What Happens When You Put Grapeseed Oil On Your Skin

A rich glass of red wine is enough to convince Meghan, Duchess of Sussex, that grapes are holy fruits. But if wine o'clock isn't your thing, then maybe grapeseed oil will win you over. Do you already use the nutrient-rich oil to achieve a perfect stir fry? Have you already added it to your hair routine to prevent split ends and increase shine (via MindBodyGreen)? Good news: Grapeseed oil also might be your skin's new best friend. 

You can use the oil in its pure, unadulterated form or mixed with other skin products (via Well+Good). Opt for the cold-pressed varieties, as these have higher concentrations of active ingredients. Plus, it's smart to choose organic versions, as these are less likely to contain residue of potentially harmful chemicals (via Prevention).

Use the oil as a general moisturizer, or to treat trouble areas, whatever suits your skin's needs. Grapeseed oil doesn't clog your pores, unlike coconut oil, which can cause breakouts (via Byrdie). Instead, as research scientist Marisa Plescia noted, the oil will "penetrate the skin quickly, leaving [it] soft, supple, and moisturized."   

Grapeseed oil can help prevent acne and inflammation

If you've got acne (or bacne), using grapeseed oil is a no brainer. Just ask Real Simple contributor Nina Huang, who started using a bottle in 2019, and reported not having experienced an "acne or ingrown hair flare-up since." Huang's results are probably due to the fact that grapeseed oil contains linoleic acid. If you're acne-prone, your skin is probably deficient in this nutrient, which helps maintain your skin's moisture and blocks irritants (via Begins with Skin). This deficiency means your skin's sebum (that oily substance that seals in your skin's moisture, prevents against dryness, and defends against infections) becomes thick and sticky (via VeryWellHealth). Increase the linoleic acid in your skin, and you help unclog your pores.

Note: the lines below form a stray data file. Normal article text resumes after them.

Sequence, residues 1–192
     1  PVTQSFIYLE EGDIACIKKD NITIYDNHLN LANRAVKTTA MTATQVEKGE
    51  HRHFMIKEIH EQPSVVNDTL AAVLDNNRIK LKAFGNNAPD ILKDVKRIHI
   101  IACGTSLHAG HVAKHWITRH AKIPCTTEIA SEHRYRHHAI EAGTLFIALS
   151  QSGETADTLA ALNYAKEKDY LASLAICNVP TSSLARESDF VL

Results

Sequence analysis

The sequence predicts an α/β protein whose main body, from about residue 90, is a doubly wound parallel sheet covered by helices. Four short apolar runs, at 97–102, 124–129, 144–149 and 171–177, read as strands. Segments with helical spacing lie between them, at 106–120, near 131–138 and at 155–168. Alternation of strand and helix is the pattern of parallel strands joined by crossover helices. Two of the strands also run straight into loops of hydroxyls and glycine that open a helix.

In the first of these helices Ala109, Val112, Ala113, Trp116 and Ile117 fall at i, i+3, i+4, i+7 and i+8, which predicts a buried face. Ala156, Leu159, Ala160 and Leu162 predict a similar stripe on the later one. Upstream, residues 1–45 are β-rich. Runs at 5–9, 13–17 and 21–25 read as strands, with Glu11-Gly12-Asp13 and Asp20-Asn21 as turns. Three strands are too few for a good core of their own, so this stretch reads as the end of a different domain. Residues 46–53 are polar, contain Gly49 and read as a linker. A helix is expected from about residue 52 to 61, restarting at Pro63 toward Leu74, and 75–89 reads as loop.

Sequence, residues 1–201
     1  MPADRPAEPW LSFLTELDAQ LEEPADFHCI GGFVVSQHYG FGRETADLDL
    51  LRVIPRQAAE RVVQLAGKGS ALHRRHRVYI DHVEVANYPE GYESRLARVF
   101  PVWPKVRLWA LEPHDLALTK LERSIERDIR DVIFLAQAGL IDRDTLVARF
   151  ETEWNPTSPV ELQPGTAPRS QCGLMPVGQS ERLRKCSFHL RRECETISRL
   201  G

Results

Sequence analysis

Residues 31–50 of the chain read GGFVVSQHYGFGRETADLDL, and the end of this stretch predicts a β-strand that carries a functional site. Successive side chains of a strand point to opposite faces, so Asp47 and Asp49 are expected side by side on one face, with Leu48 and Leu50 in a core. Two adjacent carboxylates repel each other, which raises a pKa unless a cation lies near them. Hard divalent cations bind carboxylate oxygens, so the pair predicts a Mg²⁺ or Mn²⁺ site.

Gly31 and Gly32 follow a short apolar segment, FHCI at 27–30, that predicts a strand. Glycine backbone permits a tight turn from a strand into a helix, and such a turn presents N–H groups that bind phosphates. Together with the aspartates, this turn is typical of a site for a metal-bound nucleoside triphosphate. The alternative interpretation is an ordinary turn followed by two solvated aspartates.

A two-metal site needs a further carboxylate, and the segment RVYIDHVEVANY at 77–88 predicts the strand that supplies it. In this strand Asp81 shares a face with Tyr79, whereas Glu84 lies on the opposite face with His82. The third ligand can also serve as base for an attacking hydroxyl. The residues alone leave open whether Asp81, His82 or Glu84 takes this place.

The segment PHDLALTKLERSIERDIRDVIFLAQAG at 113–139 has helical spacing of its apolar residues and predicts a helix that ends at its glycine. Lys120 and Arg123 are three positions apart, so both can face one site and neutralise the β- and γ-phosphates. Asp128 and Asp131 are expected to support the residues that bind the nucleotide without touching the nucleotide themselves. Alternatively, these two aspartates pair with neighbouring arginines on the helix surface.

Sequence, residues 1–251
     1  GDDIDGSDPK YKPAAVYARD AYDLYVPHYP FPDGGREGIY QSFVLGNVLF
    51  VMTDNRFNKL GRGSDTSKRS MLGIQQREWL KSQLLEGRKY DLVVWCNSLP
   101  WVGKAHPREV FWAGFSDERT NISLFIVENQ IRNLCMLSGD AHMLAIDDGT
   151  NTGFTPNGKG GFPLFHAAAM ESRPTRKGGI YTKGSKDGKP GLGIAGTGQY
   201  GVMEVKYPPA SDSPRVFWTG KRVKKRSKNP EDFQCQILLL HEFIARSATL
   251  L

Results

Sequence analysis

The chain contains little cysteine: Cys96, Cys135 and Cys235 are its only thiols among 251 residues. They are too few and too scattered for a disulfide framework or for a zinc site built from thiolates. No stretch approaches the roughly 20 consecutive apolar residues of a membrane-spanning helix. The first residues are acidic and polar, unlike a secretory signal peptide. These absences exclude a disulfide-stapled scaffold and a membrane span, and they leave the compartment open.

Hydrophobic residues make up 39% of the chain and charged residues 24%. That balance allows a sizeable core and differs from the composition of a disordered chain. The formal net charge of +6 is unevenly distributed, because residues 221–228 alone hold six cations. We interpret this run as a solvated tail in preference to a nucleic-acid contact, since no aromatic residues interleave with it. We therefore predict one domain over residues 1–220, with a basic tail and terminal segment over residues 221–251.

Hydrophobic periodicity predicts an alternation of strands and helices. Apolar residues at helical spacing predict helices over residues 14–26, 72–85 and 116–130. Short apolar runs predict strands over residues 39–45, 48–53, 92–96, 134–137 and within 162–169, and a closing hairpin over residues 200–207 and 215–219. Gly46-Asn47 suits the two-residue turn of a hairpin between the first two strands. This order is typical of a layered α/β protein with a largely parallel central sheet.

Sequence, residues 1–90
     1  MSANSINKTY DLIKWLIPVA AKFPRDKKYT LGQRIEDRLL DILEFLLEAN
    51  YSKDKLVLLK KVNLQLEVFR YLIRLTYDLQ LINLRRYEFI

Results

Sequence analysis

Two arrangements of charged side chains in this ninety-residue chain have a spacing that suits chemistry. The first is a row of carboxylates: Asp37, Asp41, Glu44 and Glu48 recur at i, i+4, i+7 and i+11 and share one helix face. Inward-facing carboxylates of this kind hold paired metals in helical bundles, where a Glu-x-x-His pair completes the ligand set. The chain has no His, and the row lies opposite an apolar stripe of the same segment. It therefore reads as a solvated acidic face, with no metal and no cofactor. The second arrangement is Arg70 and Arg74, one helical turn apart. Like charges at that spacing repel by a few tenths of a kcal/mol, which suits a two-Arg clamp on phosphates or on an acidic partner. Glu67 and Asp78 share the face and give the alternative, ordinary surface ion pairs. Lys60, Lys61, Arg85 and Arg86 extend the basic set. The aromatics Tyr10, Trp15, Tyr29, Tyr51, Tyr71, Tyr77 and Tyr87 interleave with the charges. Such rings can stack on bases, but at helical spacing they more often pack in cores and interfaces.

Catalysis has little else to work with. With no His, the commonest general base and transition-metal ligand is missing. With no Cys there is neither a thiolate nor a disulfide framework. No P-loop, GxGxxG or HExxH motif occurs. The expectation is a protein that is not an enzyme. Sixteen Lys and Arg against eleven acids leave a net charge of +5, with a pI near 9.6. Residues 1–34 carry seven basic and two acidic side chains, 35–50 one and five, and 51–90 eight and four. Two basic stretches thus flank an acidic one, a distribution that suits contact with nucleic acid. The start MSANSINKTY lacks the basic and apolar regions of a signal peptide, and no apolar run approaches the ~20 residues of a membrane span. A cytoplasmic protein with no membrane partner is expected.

What's more, grapeseed oil also contains vitamin E. As Desiree Pais, beauty editor at Herbivore Botanicals, noted to Well+Good, vitamin E  and linoleic acid together reduce inflammation. It may also reduce the marks left by acne scars, according to dermatologist Debra Jaliman (via Byrdie). Think of the duo like the Batman and Robin in the fight against red, sensitive skin. If you've got rosacea or eczema, the oil should be high on your list of skin treatments. 

Grapeseed oil can help firm up skin and minimize wrinkles

Even if you're not acne-prone, there's a strong case to be made for making grapeseed oil a part of your skin's life. We're circling back to the linoleic acid, again. As it turns out, the acid not only works to unclog your pores. According to dermatologist Tsippora Shainhouse, it also gives you smoother and softer skin (via Prevention). Then there's the fact that grapeseed oil is filled with micronutrients called polyphenols, vitamins D,C, E, and antioxidants. Together, these work to not only protect you from harsh environments (think free radical damage and UV rays), but also to reduce sun spots, fine lines, dark circles, and wrinkles: all typical signs of aging (via Byrdie and Prevention). 

We know, it sounds too good to be true, and you're probably asking yourself whether there are side effects. The answer? None known, per Medical News Today. But if you're allergic to grapes, stay clear. And, as always, when you use any natural skin product, you may develop an allergic reaction. If you notice redness, itching, or rashes after using grapeseed oil, seek out professional medical assistance.